Thwart Man-in-the-Disk exploit on Android devices

The cybersecurity arms race keeps evolving faster and faster as threat researchers and bad actors start leveraging machine learning artificial intelligence (AI) to discover sophisticated exploits on mobile devices that now live in the Zero Trust world. CISOs need to arm themselves with powerful tools to remain viable in today’s modern work environment. This blog post describes how MobileIron Threat Defense acts as a preventative countermeasure in a multi-layered defense security strategy to help you thwart the Man-in-the-Disk attack and minimize any company data loss.


During the DEF CON 2018 security conference in Las Vegas, an exploit called Man-in-the-Disk attack  that affects all Android OS devices was revealed. Many apps write their transient installation, update, or generated data files temporarily onto the removable SD card storage which is unprotected, shared by the OS, and accessed by other apps living on the mobile device. There are no inherent protections in place to prevent the malicious sharing of these files between these apps.

What could go wrong?

Quickly connecting the dots, a bad actor using an exploit kit like malware, or a device or network threat, could do any one of the following:

  • Crash the target app, leaving a back door for the hacker to pass through
  • Scrape these files to steal private or company data
  • Sabotage other apps
  • Replace legitimate apps with malicious ones
  • Manipulate app data to completely take over the mobile device using an escalation of privileges (EoP) exploit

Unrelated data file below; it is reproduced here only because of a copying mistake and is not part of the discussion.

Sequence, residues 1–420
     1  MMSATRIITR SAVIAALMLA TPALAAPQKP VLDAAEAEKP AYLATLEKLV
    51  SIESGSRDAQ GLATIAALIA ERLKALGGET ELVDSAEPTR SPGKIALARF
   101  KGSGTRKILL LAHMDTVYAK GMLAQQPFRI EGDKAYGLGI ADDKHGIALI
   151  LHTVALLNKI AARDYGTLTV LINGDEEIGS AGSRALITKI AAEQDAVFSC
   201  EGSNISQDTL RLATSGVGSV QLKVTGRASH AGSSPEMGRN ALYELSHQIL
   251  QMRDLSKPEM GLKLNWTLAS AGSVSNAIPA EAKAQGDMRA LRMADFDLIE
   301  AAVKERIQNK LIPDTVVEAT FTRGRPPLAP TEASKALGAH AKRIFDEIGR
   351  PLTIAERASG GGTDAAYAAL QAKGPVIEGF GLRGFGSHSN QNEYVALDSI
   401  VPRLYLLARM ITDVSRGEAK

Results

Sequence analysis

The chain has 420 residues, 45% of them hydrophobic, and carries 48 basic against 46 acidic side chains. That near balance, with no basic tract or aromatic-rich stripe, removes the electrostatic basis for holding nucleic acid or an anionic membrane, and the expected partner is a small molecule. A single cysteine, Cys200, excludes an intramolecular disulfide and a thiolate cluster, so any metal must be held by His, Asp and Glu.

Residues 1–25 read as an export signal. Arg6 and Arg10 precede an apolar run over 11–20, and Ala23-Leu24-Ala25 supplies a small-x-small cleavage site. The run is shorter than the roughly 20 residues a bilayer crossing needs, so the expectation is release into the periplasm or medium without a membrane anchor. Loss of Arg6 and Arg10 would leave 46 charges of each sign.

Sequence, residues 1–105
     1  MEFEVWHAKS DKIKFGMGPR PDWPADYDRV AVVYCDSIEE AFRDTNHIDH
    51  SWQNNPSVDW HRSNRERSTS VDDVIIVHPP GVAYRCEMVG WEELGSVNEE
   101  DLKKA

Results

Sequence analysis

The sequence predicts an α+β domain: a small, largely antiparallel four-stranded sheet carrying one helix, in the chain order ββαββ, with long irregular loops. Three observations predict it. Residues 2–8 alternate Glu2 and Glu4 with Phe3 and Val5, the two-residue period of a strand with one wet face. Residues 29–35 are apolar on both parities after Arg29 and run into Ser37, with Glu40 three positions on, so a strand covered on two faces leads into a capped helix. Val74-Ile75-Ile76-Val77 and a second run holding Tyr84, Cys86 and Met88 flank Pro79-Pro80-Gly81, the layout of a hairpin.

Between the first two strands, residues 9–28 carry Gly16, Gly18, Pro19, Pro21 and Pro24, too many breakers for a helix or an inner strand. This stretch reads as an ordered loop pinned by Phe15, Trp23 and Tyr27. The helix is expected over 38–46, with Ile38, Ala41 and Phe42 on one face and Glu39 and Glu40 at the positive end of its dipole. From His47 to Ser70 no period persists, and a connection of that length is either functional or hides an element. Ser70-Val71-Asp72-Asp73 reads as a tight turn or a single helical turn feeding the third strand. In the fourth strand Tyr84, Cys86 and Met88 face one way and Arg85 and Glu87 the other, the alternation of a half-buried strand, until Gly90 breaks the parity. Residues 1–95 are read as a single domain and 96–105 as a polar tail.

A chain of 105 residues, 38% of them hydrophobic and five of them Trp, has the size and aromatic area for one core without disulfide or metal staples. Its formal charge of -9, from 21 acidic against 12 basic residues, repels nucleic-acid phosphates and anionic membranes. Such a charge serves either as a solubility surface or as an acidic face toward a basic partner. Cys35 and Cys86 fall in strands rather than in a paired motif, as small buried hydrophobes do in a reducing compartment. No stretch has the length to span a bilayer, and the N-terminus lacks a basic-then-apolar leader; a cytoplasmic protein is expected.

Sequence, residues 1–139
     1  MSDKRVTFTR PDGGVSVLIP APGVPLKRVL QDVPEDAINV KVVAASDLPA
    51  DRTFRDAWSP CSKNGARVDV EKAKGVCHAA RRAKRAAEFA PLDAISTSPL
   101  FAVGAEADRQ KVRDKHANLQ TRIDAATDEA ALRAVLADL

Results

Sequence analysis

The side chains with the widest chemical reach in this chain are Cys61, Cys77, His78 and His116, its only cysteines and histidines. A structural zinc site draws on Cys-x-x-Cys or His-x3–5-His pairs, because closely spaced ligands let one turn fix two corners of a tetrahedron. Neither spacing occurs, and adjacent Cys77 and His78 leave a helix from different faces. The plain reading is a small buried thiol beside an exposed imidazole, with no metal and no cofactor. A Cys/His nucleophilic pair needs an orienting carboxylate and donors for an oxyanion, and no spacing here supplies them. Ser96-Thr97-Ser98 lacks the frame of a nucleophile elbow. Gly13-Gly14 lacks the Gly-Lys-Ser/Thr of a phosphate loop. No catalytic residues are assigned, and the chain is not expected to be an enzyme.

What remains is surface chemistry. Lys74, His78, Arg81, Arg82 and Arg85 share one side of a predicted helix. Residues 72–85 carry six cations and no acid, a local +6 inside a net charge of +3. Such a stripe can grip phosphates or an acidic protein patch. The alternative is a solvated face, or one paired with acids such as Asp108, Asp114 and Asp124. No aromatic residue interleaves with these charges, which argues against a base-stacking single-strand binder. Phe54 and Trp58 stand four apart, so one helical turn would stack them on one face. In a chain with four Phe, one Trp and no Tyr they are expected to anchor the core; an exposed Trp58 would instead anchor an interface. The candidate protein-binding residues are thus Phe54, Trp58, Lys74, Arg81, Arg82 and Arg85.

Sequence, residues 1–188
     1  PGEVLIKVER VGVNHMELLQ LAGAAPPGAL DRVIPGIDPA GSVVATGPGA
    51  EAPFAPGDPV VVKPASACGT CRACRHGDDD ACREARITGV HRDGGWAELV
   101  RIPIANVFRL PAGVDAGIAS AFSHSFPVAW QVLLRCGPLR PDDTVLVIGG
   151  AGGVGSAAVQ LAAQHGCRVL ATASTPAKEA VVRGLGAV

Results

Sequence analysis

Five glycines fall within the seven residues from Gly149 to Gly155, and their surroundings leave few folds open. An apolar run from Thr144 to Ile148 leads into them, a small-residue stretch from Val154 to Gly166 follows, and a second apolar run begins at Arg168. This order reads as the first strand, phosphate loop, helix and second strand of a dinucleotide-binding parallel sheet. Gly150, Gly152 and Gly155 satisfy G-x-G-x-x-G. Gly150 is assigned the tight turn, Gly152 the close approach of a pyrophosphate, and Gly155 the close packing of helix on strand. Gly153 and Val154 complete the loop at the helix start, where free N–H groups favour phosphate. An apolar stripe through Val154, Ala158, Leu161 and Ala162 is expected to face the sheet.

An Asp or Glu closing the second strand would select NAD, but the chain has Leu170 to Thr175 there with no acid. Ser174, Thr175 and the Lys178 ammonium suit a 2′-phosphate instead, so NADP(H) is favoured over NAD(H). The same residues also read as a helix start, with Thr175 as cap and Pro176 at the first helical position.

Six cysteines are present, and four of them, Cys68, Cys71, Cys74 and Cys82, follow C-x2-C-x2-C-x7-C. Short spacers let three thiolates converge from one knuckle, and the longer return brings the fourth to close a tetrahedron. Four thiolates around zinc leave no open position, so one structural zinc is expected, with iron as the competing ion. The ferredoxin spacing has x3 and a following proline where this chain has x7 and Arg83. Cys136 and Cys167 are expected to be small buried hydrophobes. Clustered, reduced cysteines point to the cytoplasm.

A real world example is a mobile or remote worker who creates a document or video that they want to upload and share with their coworkers using their messaging app. The app-generated data file is temporarily stored on the external SD card where a malicious app can then exfiltrate it to the dark web, where the stolen work data can then be sold to the highest bidder.

How to thwart Man-in-the-Disk exploit

Currently, there are no automated countermeasures to prevent this threat except to disable the hardware external storage. This would then force all temporary app files to be stored within the Android internal storage that is protected by the app’s own containerized sandbox, not shared by the OS.
So how does MobileIron UEM and Threat Defense help mitigate this type of threat? A mobile device can be configured for Android enterprise Device Owner (DO) mode to disable USB file transfer and disable external media, which thwarts this exploit from the jump. This UEM configuration setting is depicted in Figure 1 below. For Samsung devices with KNOX Standard configuration enabled, disable the SD card.

Figure 1 – MobileIron Cloud Android enterprise Device Owner Configuration

Figure 1 – MobileIron Cloud Android enterprise Device Owner Configuration


MobileIron Threat Defense adds an additional layer of security by providing always-on detection, notification, and remediation of any artifacts of the Man-in-the-Disk exploit such as:

  • The “App reads files from the SD card” vulnerability
  • Suspicious Android app

Threat Defense can then remediate this threat by applying quarantine compliance actions.


Without any security controls in place for users of popular apps like Fortnite and the Xiaomi Browser, the newly discovered Man-in-the-Disk exploit can lead to private data exfiltration and potentially worse things happening to a user’s Android device or the networks to which it’s connected to access data and cloud services.  MobileIron Threat Defense acts as a preventative countermeasure in a multi-layered defense security strategy to help you thwart a Man-in-the-Disk attack and minimize any company data loss.



James Saturnio

James Saturnio

Senior Lead Technical Market Adviser at MobileIron

About the author

James Saturnio is a Senior Lead Technical Market Adviser at MobileIron. He immerses himself in all things cybersecurity and has over 25 years’ experience in this field. He has been with MobileIron for over 6 years, and previously worked at Cisco Systems for 19 years. While at Cisco, he worked as a TAC Engineer, and then as a Technical Leader for the Security Technology and Internet of Things (IoT) business units. He was the main architect for the IoT security framework that is still being used today by Cisco’s IoT customers.